• Dealing with Mommy Guilt - How my son taught me that I’m not in control, I’m not as capable as I think I am, and I’m fully dependent on God for His daily wisdom, strength and mercy.
  • A Day in the Life - Where I show you what it’s like to be a SAHM of four, and make you feel better about your own life.
  • I’m a {oxy}moron - Revealing my inconsistencies in parenting.
  • Not for the Faint of Heart - In which I get peed on.

My Marriage Was a Mistake

Every marriage hits rough patches. In those moments, there is a tendency to look back on events that seem to be a fork in the road.

In our ten years of marriage, I have one memory that haunts me; a moment in time that I recall when the bumps seems more jolting than normal.

Sitting on a deserted beach in Cancun, Mexico, I defiantly said no to God. Josh and I had been dating for only a couple of months, but my 17-year-old heart had been waiting for those couple of months for over two years.

And yet God was telling me to let Josh go. I wouldn’t even allow my brain to delve into what that would mean. My answer was, “Please God, don’t ask that of me.”

I returned home a week later, said nothing to Josh about the conversation, and three years later we were married.

Over the past decade, I have wondered why God would ask that of me and then allow me to marry Josh. With the history of broken marriages in my family, there was a lot of prayer leading up to our wedding day. I did not want to continue the cycle of divorce, and getting married at 20-years-old required that I was 100% certain this was God’s plan for me.

It was.

So what was God’s plan in January 1998 when He told me to let Josh go? I’ll never know, because I refused out of fear.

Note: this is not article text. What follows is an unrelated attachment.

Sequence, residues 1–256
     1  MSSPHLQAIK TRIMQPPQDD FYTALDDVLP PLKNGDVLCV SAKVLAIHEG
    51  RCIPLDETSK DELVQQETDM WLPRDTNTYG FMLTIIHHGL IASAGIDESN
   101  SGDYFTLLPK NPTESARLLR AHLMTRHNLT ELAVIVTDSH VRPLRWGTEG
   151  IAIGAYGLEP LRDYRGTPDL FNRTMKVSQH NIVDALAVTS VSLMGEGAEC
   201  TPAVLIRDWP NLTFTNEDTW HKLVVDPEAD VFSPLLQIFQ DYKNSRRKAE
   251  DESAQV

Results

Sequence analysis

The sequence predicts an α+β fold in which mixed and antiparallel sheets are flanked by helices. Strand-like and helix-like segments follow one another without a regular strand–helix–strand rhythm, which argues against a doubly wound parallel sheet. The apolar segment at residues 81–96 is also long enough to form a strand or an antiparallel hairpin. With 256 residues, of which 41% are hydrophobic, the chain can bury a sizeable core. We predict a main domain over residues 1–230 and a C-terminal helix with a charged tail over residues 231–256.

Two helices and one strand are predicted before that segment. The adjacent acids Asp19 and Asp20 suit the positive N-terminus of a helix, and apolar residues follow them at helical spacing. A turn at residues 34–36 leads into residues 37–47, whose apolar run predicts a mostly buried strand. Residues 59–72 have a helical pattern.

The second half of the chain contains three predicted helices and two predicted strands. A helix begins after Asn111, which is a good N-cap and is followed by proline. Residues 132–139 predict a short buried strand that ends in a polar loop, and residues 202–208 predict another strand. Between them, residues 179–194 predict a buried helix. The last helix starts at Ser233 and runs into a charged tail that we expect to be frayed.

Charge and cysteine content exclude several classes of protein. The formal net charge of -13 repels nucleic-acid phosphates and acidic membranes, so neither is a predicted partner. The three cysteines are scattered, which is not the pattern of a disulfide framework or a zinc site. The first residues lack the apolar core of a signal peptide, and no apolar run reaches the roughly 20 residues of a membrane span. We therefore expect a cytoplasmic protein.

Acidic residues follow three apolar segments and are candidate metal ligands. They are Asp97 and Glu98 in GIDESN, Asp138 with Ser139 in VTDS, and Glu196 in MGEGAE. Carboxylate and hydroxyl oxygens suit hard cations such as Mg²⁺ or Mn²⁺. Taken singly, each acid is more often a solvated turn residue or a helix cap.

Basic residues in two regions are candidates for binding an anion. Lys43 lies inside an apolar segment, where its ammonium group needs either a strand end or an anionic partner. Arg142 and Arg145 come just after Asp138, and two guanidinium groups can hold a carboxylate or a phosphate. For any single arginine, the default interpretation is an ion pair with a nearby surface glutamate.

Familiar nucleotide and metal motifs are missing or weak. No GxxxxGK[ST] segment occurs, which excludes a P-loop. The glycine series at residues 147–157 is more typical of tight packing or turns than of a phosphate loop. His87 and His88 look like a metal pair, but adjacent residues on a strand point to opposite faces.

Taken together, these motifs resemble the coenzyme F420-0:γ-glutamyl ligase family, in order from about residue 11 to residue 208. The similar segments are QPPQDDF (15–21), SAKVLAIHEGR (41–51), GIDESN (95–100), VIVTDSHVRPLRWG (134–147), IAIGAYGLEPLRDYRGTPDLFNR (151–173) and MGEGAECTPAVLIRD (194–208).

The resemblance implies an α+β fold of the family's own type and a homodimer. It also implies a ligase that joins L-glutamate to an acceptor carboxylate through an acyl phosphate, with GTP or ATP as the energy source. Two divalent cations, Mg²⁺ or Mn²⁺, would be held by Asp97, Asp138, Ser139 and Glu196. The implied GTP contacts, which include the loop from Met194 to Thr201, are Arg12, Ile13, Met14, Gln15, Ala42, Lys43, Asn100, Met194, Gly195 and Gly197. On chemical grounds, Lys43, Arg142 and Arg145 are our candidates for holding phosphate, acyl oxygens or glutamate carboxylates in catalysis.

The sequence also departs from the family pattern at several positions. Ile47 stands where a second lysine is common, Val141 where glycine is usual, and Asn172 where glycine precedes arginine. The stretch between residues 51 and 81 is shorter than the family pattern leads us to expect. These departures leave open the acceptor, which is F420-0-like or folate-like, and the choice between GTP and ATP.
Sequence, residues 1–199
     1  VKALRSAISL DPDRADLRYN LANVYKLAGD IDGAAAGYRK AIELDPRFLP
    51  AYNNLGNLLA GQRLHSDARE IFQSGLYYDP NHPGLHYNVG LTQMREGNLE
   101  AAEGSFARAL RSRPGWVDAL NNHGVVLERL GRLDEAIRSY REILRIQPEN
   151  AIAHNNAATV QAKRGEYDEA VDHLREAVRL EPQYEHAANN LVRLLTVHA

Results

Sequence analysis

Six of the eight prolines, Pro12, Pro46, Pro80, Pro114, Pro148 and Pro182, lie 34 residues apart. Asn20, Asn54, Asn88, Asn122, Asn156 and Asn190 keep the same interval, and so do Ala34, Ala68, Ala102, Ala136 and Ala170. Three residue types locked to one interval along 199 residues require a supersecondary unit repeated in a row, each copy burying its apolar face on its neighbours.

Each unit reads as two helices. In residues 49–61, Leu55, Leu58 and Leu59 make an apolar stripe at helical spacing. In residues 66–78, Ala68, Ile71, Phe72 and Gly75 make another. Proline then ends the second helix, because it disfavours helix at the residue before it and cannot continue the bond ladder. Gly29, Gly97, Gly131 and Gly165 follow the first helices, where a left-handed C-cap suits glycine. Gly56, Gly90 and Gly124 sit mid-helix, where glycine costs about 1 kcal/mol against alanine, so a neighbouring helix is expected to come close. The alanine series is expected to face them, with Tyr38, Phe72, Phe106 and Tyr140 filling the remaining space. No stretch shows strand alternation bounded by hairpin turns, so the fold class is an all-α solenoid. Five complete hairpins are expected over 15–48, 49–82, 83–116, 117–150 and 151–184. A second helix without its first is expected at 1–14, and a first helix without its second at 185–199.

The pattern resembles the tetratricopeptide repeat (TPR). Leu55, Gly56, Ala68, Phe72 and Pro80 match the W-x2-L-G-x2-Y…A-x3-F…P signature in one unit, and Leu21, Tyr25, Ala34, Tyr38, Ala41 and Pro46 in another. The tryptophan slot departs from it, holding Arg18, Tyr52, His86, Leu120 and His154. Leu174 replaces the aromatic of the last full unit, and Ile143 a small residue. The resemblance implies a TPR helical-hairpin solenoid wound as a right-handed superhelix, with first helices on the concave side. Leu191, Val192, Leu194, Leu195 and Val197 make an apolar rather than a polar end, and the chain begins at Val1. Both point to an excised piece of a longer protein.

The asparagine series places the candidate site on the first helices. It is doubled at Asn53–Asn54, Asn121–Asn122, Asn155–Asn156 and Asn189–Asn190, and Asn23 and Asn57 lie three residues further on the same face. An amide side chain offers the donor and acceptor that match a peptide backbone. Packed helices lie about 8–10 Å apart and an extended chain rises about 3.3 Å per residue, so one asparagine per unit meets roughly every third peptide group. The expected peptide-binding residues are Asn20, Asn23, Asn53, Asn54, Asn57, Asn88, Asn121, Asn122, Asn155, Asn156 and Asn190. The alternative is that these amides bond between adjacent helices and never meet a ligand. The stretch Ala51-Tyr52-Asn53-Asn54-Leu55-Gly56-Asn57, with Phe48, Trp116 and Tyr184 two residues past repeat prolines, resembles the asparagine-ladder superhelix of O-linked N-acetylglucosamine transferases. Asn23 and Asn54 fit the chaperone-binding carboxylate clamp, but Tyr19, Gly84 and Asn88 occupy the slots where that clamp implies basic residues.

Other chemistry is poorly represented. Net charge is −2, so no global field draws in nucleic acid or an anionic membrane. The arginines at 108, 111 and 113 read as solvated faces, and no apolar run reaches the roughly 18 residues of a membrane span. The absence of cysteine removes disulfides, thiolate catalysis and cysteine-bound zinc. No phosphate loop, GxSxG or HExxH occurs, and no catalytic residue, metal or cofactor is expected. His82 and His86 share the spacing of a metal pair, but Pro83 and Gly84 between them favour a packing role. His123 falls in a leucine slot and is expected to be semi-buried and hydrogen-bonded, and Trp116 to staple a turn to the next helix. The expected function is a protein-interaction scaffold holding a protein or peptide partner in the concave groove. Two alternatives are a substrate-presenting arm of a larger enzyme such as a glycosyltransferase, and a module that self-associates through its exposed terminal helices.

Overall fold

Recently, I told Josh about that conversation. It was only then that he revealed to me a similar conversation He’d had with God in 1999.

We were freshman in bible college, and attending fall retreat. In our mountain top camp, there were ample opportunities for quiet moments with God. During one of those moments Josh felt that God told him to break up with me. We were coming up on our two-year anniversary, and Josh (like me) said no to God. He never told anyone about that conversation, but {like me} he had returned to it in difficult times during our marriage.

So, was our marriage a mistake? Are we outside of God’s will?

No.

I believe that God wanted Josh and I to have time apart, to develop our characters and spiritual walks without being dependent on one another. We have known each other since we were 15-years-old, and we started dating at 17. In order for us to have a healthy relationship, we needed to know that we could stand on our own (obviously something we were unsure of, since both of us refused to obey God when He asked us to leave each other).